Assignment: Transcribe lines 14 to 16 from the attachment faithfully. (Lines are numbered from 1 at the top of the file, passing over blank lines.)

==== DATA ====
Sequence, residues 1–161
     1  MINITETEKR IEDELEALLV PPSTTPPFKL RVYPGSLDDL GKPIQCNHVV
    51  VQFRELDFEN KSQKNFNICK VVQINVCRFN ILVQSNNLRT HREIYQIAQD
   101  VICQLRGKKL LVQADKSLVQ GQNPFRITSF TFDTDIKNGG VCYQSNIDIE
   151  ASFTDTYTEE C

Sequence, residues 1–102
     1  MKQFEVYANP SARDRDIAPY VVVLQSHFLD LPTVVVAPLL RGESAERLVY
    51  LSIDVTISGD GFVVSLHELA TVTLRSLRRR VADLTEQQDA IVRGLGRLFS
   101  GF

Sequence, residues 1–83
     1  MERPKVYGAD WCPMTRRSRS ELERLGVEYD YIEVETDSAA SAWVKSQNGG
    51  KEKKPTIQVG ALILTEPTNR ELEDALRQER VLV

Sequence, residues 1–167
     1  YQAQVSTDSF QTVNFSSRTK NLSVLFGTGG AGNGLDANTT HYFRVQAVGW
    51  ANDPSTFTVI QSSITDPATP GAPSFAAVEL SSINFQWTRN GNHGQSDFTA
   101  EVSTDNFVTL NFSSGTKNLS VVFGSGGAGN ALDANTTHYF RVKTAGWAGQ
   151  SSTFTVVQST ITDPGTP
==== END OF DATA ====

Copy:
     1  YQAQVSTDSF QTVNFSSRTK NLSVLFGTGG AGNGLDANTT HYFRVQAVGW
    51  ANDPSTFTVI QSSITDPATP GAPSFAAVEL SSINFQWTRN GNHGQSDFTA
   101  EVSTDNFVTL NFSSGTKNLS VVFGSGGAGN ALDANTTHYF RVKTAGWAGQ